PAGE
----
AUGUST 23, 2004


The Regular Meeting of the Beaverton City Council was called to order by Mayor Rob Drake in the Forrest C. Soth City Council Chamber, 4755 SW Griffith Drive, Beaverton, Oregon, on Monday, August 23, 2004, at 6:35 p.m.


Present were Mayor Drake, Couns. Dennis Doyle, Fred Ruby, Forrest Soth and Cathy Stanton. Coun. Betty Bode was excused. Also present were City Attorney Alan Rappleyea, Finance Director Patrick O'Claire, Community Development Director Joe Grillo, Engineering Director Tom Ramisch, Operations/ Maintenance Director Gary Brentano, Library Director Ed House, Human Resources Director Nancy Bates, Police Chief David Bishop, Building Official Brad Roast, Information Systems Manager David Hughes and City Recorder Sue Nelson .


04172 - Presentation of City's Records Management Program

City Recorder Sue Nelson presented an overview of the City of Beaverton's Records Management Program. She explained the program was formally implemented in 1992 and was administered in compliance with the State of Oregon's City Records Retention Schedule. She said the Records Management Policy was to maintain, protect, and retain or dispose of City records in accordance with government regulations, legal requirements, and historical significance. She said the City maintained different medias of records that included paper, maps, ledgers, newspapers, microfilm, video tape, compact disks, audio tapes, and historical books and pictures. She explained the City maintained two records storage facilities, with a current total of 2,093 boxes of paper records.

Nelson said the City implemented a records scanning system that City staff and citizens use for retrieving information. She said 80,000 records were currently available on the document imaging system; the records could be viewed, printed and e-mailed from the imaging system. She explained the Records Management Team worked closely with the Information Systems Manager David Hughes and the Information Systems Department in implementing and maintaining the scanning system.

Nelson explained the City recycled and shredded records twice yearly; 227 boxes had been recycled in 2004. She said the bi-annual destruction process saved the City $1,170,600 in the past ten years.

Nelson noted the Public Records Request Form was accessible to citizens and staff from the City's Web site. She said records available to the public included resolutions, ordinances, City Council agendas and minutes, agreements/contracts, land use records, maps/plans and historical records. She said the City Council packets were available on the City's Web site prior to each meeting, which resulted in an annual savings of $10,115 in printing and postage costs. She said 9,000 people visited the City Council Web page since March of this year.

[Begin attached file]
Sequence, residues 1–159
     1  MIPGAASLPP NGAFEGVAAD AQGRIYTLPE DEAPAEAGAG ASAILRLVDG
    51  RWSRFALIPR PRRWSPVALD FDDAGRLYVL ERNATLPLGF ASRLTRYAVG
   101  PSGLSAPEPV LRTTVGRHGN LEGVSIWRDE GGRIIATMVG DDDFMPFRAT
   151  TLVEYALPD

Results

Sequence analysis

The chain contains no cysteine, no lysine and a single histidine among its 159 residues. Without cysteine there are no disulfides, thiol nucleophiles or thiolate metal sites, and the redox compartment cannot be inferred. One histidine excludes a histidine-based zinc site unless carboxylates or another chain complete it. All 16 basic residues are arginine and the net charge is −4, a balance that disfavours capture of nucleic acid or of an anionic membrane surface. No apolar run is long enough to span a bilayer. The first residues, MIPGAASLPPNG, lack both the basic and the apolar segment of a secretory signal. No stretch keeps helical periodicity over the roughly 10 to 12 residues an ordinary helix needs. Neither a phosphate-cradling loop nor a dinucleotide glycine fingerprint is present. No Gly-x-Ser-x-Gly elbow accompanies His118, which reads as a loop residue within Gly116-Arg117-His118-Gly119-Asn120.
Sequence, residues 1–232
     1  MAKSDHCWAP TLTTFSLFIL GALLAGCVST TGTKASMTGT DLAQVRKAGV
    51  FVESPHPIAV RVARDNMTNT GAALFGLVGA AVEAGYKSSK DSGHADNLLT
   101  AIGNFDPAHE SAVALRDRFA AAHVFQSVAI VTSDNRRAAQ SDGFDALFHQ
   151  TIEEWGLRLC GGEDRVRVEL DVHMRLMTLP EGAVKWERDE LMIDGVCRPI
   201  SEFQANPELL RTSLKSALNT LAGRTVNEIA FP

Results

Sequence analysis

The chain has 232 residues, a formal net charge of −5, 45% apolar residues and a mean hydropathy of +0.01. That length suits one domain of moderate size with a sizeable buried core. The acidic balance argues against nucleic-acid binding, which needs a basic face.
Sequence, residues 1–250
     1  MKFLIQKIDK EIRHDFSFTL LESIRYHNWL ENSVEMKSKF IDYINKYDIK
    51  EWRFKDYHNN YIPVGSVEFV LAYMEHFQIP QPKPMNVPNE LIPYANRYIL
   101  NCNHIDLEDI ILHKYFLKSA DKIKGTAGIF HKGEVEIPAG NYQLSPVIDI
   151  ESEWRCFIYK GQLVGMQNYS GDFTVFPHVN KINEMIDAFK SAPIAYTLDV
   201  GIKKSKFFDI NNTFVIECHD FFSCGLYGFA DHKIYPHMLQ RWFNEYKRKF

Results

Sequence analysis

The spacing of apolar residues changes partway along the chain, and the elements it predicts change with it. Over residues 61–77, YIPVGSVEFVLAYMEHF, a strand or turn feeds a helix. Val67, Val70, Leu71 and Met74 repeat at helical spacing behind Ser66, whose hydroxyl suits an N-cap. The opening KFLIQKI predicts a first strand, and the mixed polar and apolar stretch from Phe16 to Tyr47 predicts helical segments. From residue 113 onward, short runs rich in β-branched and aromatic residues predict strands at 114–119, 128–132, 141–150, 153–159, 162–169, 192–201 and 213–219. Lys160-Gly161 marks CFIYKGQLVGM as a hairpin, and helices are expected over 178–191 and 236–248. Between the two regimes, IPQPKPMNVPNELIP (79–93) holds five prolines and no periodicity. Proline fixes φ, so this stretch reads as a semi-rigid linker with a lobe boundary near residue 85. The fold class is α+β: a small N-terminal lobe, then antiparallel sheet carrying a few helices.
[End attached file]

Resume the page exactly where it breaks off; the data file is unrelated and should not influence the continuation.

Nelson reviewed the Historical Photo Archives Project available on the City's Web site. She said this project was a “work in progress” and she showed several historical photographs and explained their significance. She concluded by noting the Records Management had developed from storing boxes of paper records, to microfilming records, to scanning and importing electronic records that are available for viewing the very same day. She said as the City moves forward the goal of providing accurate and timely information to citizens was the commitment of the Records Management Team. She thanked Record's Team Members Debbie Baidenmann and Kyle Higgens for their input for the presentation.

Coun. Soth stated a great deal of credit and thanks was due to Nelson, who was recognized throughout the State as one of the leading authorities on archive retention. He expressed his appreciation for everything Nelson and her staff accomplished over the years. He said it was good to see how far the City had come and to know that many of the City's records were safe and available for citizens to use.

Nelson said she had to return the compliment to Coun. Soth for assisting the records staff by recycling city records when they exceeded their retention period.

Coun. Stanton thanked Nelson for copying materials on compact disks that were related to public hearing appeals. She said on past appeals, it was nice to be able to find what she wanted on the compact disk rather than filing through two boxes of paper. She said she was grateful the City had Nelson and that the Department was adequately funded to ensure they had access to all records when needed. She said she appreciated the work Nelson had done.

Nelson explained she worked closely with the Information Services Department staff and they were vital in implementing the scanning system.

Mayor Drake thanked Nelson for the presentation.


Robert Youngman, Boy Scout Troop 297, Lincoln High School, introduced himself. He explained the scouts in his troop went to Lincoln High School, Five Oaks Middle School, Mountain View Middle School, West View High School, Aloha High School and Agape Christian School . He said the scouts were attending the meeting to work on their Citizenship and Communications Badges.